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Jobs for People Who Love to Organize

Individuals who love to organize will find there are many career options. This article will cover the key job duties, educational requirements, and median annual salaries for several careers.

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Career Options for People Who Love to Organize

People who excel at organizing can translate their passion into a career. Career options include both creative and technical positions. Individuals who like to organize may be interested in one of the below careers.

Job Title Median Salary (2016)* Job Growth (2016-2026)*
Event Planner $47,350 (Meeting, Convention & Event Planners) 10% (Meeting, Convention & Event Planners)
Real Estate Agent $44,090 (Real Estate Sales Agents) 6% (Real Estate Sales Agents)
Archivist $50,500 14%
Merchandiser $26,700 4% (Merchandise Displayers & Window Trimmers)
Administrative Assistant $37,230 (Secretaries & Administrative Assistants) -5% (Secretaries & Administrative Assistants)

Sources:*U.S. Bureau of Labor Statistics (BLS)

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Career Information for People Who Love to Organize

Event Planner

Individuals can utilize their organizational skills as an event planner. They are responsible for planning a wide array of events, including business conferences, celebratory occasions like weddings or anniversaries, and corporate events or fundraisers. Job duties may include meeting with clients to determine needs for the event, obtaining bids from vendors, and organizing services like transportation and catering arrangements. Event planners provide on-site support, such as greeting guests or coordinating technical needs, during the events. This career requires a bachelor's degree in event management, communications, or business, with the option to pursue certifications like the Certified Meeting Professional.

Real Estate Agent

A career as a real estate agent may appeal to people who love organizing, since it is a detail-oriented profession. Real estate agents assist clients with selling, buying, or leasing properties. Agents can be self-employed or work for an established real estate firm, but they must collaborate with brokers. Job responsibilities can involve showing properties to clients, providing guidance on market trends and prices, and managing negotiations on behalf of their clients. Real estate agents will need to become licensed in their state, which includes being at least 18, taking real estate coursework, and passing an exam.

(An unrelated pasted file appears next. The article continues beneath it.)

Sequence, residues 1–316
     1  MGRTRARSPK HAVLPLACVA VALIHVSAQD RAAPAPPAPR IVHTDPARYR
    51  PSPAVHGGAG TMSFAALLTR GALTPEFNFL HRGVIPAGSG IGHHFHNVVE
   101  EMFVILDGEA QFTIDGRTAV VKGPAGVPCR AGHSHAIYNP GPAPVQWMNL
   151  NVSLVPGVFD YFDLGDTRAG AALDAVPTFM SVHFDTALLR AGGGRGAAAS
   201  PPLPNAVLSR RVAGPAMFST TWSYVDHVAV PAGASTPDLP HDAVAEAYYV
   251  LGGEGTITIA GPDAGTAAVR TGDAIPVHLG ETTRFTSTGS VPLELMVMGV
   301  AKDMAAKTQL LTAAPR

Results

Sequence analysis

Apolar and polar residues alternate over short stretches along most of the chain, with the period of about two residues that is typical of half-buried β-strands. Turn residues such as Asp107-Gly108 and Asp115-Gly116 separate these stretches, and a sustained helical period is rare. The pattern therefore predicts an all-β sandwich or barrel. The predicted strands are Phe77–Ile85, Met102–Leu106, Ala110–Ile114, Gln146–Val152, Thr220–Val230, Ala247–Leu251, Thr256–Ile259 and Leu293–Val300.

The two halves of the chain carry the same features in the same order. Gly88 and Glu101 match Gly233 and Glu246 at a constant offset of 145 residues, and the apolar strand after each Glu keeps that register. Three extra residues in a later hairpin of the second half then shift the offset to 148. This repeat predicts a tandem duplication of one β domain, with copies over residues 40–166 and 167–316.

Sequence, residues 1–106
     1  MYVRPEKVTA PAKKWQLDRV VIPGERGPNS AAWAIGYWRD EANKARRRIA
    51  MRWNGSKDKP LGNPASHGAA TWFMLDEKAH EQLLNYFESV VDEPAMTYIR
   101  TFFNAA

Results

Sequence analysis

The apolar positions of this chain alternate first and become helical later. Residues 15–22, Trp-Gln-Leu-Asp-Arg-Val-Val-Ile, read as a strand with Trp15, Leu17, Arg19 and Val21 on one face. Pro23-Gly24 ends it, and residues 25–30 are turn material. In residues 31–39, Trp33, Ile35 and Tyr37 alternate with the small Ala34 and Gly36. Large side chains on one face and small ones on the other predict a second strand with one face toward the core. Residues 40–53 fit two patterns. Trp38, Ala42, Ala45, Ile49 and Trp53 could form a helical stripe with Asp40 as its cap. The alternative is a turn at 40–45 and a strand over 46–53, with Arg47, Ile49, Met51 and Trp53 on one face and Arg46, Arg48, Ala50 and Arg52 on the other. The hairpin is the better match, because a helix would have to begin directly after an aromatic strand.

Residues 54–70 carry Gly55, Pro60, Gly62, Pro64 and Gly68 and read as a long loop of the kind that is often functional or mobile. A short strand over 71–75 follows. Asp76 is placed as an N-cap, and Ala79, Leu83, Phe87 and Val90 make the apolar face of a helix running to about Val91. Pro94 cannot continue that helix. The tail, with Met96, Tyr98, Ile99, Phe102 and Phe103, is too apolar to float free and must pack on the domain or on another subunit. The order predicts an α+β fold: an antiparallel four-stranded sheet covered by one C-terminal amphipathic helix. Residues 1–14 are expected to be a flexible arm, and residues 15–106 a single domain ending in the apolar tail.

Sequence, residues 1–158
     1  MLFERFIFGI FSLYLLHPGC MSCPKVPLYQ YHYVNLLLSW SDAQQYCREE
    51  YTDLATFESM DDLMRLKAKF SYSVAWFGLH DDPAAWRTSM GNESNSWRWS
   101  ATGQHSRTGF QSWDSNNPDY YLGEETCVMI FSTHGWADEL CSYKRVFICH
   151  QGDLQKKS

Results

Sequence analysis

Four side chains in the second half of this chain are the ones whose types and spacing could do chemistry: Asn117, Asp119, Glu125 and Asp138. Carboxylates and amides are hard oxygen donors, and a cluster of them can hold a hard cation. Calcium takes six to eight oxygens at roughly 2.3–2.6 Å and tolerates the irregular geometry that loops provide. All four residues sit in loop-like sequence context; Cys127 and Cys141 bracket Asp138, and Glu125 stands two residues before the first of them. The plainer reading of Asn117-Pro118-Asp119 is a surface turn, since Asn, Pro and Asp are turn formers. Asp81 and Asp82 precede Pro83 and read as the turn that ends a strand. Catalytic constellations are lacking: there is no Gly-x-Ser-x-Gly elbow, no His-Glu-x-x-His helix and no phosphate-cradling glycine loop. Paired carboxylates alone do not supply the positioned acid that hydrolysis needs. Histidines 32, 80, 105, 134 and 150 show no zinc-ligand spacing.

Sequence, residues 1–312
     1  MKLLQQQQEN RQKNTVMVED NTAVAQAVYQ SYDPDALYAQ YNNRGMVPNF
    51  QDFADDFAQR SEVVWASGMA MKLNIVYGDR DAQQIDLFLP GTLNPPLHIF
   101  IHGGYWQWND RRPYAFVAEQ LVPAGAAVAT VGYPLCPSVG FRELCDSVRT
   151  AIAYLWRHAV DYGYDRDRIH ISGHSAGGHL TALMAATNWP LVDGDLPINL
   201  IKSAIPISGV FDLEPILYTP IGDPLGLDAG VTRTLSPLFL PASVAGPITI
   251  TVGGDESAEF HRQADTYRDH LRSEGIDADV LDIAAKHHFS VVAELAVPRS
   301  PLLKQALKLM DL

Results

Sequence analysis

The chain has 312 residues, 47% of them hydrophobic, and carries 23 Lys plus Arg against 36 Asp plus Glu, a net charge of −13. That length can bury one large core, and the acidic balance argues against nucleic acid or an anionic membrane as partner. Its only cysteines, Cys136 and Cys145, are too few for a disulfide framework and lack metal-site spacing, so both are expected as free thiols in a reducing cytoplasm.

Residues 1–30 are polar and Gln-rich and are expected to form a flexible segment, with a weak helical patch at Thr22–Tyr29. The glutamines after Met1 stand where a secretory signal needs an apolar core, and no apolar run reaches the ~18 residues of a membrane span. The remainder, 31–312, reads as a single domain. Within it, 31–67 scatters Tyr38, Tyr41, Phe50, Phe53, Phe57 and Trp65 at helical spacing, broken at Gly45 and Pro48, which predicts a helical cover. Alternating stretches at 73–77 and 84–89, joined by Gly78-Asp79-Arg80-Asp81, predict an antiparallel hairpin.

Archivist

Organized individuals may enjoy the detailed process of working as an archivist. They specialize in examining documents, determining historical significance, and preserving them. Job duties may include developing a system to store electronic records, creating digital or film copies of records, and creating and executing policies on public access to documents. Archivists usually work with a specific medium, such as maps or photographs. This career requires a master's degree in library science, archival science, public administration, or a related field, with the option to pursue certification through the Academy of Certified Archivists. Archivists may work for museums, government agencies, or educational institutions.

Merchandiser

Individuals who like to organize may enjoy the designing aspect of working as a merchandiser. They may work for a variety of organizations, including retail corporations. Job responsibilities can involve creating commercial displays to attract customers, maintaining display equipment, such as signs, lighting, and mannequins, and collaborating with managers or sales associates on the best placements for displays. Merchandisers will need at least a high school diploma.

Administrative Assistant

People who love organization may enjoy working as an administrative assistant, since it involves managing daily administrative operations. A primary responsibility for administrative assistants is organizing business operations. They may coordinate meetings and conferences, greet customers in person or via telephone, and create and maintain filing systems. Administrative assistants are needed in a variety of industries, including healthcare agencies, educational institutions, and professional services firms. They will need at least a high school diploma, with some in the field completing coursework at community colleges or technical schools. Although the field will experience an overall decline in job growth, those working in the medical field may find more plentiful job opportunities.

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